Hillsong London are reportedly charging £10 for a ticket to one of their “Carol Concerts”. These “concerts” are taking place at various times on Sundays in December, replacing the usual services at the church’s locations. The Hillsong website refers to them as “performances.” There are a number of concerns I have with this. Some of them apply uniquely to Hillsong and other churches charging for tickets but others have wider implications.
First, if you are charging for your Christmas Carol Services, you are sending out a message about who you are expecting to be there. Although these events are being run at normal service times, charging and declaring it to be a concert/performance implies that this is not the usual gathering of the church for worship. However, who then is the intended audience? You see, it isn’t going to be non-Christian friends or neighbours. Whilst people do expect to pay to go to a play or concert normally, they are not expecting to pay to go and listen to a church’s Christmas Carol Service. They know that churches generally are free to attend and that most of them will be singing carols at this time of year. So who will pay to go and see a Hillsong Carol concert? It’s most likely to be other Christians who are fans of the particular brand of music.
Secondly, by charging, they are sending out a message that those who are poor are not welcome. As Carl Beech observes in his article for Premier Christianity, the idea of paying £40 to take an average sized family is prohibitive to many, especially when families are struggling to pay the fuel and food bills right now.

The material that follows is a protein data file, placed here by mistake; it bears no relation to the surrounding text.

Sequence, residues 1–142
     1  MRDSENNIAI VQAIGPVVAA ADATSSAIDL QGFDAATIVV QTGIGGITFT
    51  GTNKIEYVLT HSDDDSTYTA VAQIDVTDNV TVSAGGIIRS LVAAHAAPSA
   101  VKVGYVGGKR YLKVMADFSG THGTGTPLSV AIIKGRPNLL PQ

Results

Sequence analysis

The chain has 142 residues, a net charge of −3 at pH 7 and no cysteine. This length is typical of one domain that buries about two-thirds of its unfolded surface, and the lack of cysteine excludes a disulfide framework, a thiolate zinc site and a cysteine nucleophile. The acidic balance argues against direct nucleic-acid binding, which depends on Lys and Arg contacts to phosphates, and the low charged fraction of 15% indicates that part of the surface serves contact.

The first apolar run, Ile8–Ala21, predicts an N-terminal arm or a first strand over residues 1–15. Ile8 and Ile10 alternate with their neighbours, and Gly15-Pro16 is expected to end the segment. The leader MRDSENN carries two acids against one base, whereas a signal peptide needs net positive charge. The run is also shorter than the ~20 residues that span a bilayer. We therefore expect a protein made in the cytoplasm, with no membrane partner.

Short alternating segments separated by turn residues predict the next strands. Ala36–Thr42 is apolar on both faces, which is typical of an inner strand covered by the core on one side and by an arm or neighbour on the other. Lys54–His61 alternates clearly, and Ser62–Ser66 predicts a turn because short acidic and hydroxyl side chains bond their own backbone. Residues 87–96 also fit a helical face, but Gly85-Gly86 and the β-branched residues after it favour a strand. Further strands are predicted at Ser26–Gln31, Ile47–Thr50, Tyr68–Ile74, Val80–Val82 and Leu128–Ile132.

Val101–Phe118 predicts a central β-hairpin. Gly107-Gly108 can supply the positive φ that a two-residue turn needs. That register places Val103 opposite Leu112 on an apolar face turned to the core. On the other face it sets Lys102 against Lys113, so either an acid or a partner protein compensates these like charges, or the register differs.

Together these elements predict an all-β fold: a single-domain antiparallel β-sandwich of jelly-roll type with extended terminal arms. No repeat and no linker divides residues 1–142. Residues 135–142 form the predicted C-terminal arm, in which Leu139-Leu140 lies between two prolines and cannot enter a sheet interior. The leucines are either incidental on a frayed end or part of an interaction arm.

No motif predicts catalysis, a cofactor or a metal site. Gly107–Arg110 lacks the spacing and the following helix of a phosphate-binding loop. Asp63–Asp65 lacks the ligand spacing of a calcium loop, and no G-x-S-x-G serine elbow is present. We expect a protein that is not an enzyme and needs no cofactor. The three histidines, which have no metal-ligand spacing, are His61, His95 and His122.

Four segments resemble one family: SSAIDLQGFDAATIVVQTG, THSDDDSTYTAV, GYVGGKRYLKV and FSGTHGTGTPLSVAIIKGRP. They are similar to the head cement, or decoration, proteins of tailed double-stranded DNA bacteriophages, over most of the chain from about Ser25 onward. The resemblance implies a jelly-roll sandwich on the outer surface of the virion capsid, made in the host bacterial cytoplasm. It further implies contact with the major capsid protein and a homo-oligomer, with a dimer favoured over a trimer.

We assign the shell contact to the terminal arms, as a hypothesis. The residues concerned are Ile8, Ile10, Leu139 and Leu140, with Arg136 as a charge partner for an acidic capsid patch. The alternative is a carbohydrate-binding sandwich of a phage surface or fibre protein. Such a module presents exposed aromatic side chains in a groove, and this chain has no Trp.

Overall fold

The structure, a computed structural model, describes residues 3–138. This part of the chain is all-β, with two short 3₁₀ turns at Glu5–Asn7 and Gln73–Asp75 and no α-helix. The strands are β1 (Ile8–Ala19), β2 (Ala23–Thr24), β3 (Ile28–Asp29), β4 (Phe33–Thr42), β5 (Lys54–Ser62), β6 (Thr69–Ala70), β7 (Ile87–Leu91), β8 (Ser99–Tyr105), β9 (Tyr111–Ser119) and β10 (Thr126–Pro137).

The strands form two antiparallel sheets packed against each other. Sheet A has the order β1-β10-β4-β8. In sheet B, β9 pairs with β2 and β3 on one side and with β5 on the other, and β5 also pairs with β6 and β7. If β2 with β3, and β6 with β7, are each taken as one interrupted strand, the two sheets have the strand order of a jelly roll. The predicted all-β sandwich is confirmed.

Thirdly, the impression given by one church charging for its carol concert is that they believe that they are offering something superior to what you might find at other churches. They are setting themselves up in competition with other Christians.
Fourthly, notice the now, very overt switch from worship to performance. People do not go to join in a service but to watch and be entertained.
All of those points apply specifically to churches choosing to charge at Christmas. However, whilst most of us may not charge, we can still end up in the same mindset trap. We can prioritise seeking to draw other Christians to our events over reaching the lost, or even caring for those God has placed with us. We can act as though we are in competition not in partnership with other churches.
And then there is the performance factor. This is particularly noticeable at Christmas, sometimes we can put so much attention into preparing our carol concert with choirs to sit and listen to at length and only the occasional opportunity for congregations to join in for a couple of verses. We forget that actually those non-Christians turning up are looking forward to singing some old favourites.
However, that performance mentality can seep into wider church life. We prepare sermons to be entertaining and informative. We arrange sung worship so that there’s a greater focus listening to a band and to singers. We become an audience instead of a congregation.
So, I hope that Hillsong will abandon its plans to charge for Christmas. However, before we are too quick to condemn, we should have a look at the ways in which we can also imbibe a culture of performance and competition.